iOS 5 was released to the public on the 12th of October, following the announcement at the Apple event in the previous week. Such was the demand for iOS 5 that Apple’s servers struggled to cope and many users received the dreaded 3200 error.
I myself had been eagerly anticipating the new software. Now that I’ve had time to play around with it, I thought I’d give my views on it from the perspective of an iPhone 3GS user.
First things first, iOS 5 is definitely faster than iOS 4. If you recall, there were issues when iOS 4.3 was released. When I ran it, my phone seemed to lag and the graphics weren’t as smooth. At the time, iPhone 4 users were also affected and soon after, Apple released an update to rectify the issue.
People are saying that the notification centre has been ripped off from Android. I haven’t used an Android phone so I can’t really make a fair comparison. Whatever the case, I think the notification centre in iOS 5 is a useful feature. It’s handy to have one central place to view new messages, emails and events. The new badges/alerts system is nice too- better than the standard popup which was used for everything.
This is not a feature which is enabled on the 3GS so its not something I’ve used yet. From what I’ve read, I have mixed feelings about Siri.
Sure Siri is a great feature- its practically a personal assistant. Who needs to type a message when you can dictate it to Siri? All joking aside, it does seem to be useful for finding out information. Since it uses voice recognition, I’m also thinking it would be a great tool for disabled users.
The downsides? First off a security flaw has been identified where the phone can be accessed by Siri when locked (Tech Radar article).
Secondly, Siri appears to have a problem with Scottish accents, as reported by the media (zdnet article). Now I can understand this to a degree. I’m a Scot and even I have trouble with some Scottish accents, after all, some of them are really strong.
This isn’t the first time voice recognition has caused problems in the past few years. Hands up if you’ve ever played the Brain Training games on the Nintendo DS. Did anyone encounter any issues (well, apart from being told that you had a brain age well above your actual age)? The games seemed to have a problem with my accent too so it’s not just an Apple issue. Think about the way Scots generally pronounce “seven”. It comes out as “sivin” doesn’t it?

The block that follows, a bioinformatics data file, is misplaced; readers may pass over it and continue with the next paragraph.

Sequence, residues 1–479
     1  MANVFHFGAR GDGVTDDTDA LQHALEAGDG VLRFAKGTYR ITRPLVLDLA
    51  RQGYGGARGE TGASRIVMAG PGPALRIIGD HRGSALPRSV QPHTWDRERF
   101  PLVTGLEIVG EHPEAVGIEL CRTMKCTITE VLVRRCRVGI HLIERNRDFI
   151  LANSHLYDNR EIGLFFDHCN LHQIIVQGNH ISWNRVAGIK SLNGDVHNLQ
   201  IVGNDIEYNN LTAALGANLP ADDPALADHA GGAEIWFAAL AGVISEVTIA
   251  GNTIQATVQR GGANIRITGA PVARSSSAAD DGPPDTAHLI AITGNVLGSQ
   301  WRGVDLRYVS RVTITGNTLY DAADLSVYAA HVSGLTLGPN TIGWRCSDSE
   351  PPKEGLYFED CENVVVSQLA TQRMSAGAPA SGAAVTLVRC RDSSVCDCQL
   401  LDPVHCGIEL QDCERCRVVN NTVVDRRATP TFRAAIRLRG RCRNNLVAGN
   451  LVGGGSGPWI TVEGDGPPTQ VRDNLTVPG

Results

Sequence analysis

Anyway, my first thought when Siri was announced: ” jeez, this is going to encourage more people to talk to themselves on trains”.
This is a feature I was looking forward to using the most in iOS 5. Beside a shop? Pick up milk. Approaching your destination on the train? Send an alarm to make sure you haven’t fallen asleep. Sounds great, doesn’t it?
Well it’s not so great if you’re the owner of an iPhone 3GS because the location part of reminders has been removed. Why? The iPhone 3GS is more than capable of running this feature since it has GPS. It’s worth noting that the feature was enabled in beta versions of iOS 5. Honestly, why have Apple done this? Your guess is as good as mine (read: making people upgrade to a new phone equals money).
On a 3GS, I’m not sure that reminders adds anything more to the OS. I find myself continuing to use the calendar app. Perhaps the reminders feature is for small tasks like picking up items from the shop and the calendar should be reserved for appointments?
Another great feature of iOS 5. Users are able to back-up and restore their devices wirelessly using iCloud. Unfortunately, I haven’t been able to get iCloud back-ups to work yet as my computer seems to be confused about its identity.
iTunes in the Cloud is also quite a neat idea. Recently, I purchased a track on iTunes (Teardrop by José González if you really wanted to know- it was used in the House season 4 finale) and I quite happily listened to it on my laptop. I wanted it on my iPhone too. Did I have to connect my iPhone to my laptop and transfer it? Nope. If you go into iTunes on your phone, select “purchased” then select “not on this iPhone”, you will be shown a list of all the songs you’ve previously purchased and you can then download them directly to your device. Great for when you’re away from your laptop.
iMessage allows you to send messages between iOS 5 devices for free and is basically an IM service. The joke has been made that it’s just like Blackberry Messenger except it actually works (referring to the recent BBM outage). I love the fact that it allows you to send text-like messages to non-phone devices like the iPod Touch. Add Skype into the mix too and provided you have a wi-fi connection, your iPod essentially becomes a phone.
iOS 5 has made vast improvements to the iPhone 3GS. The phone appears to be faster and the notification centre is a nice, unobtrusive way of viewing various alerts and messages. iMessages makes it easier to stay in touch with others and iCloud negates the need for the the iPhone to be connected to the computer. All fantastic new features.
That said, I’m still a bit disappointed with it. I was hoping that iOS 5 might feature NFC support. Android announced support for NFC when Gingerbread was released at the end of 2010. Since then, Google has created a Wallet system to take advantage of the feature. In May, RIM announced a BlackBerry device supporting NFC and just a few weeks ago, Nokia announced some NFC-enabled games. In this capacity, Apple are seriously lagging behind.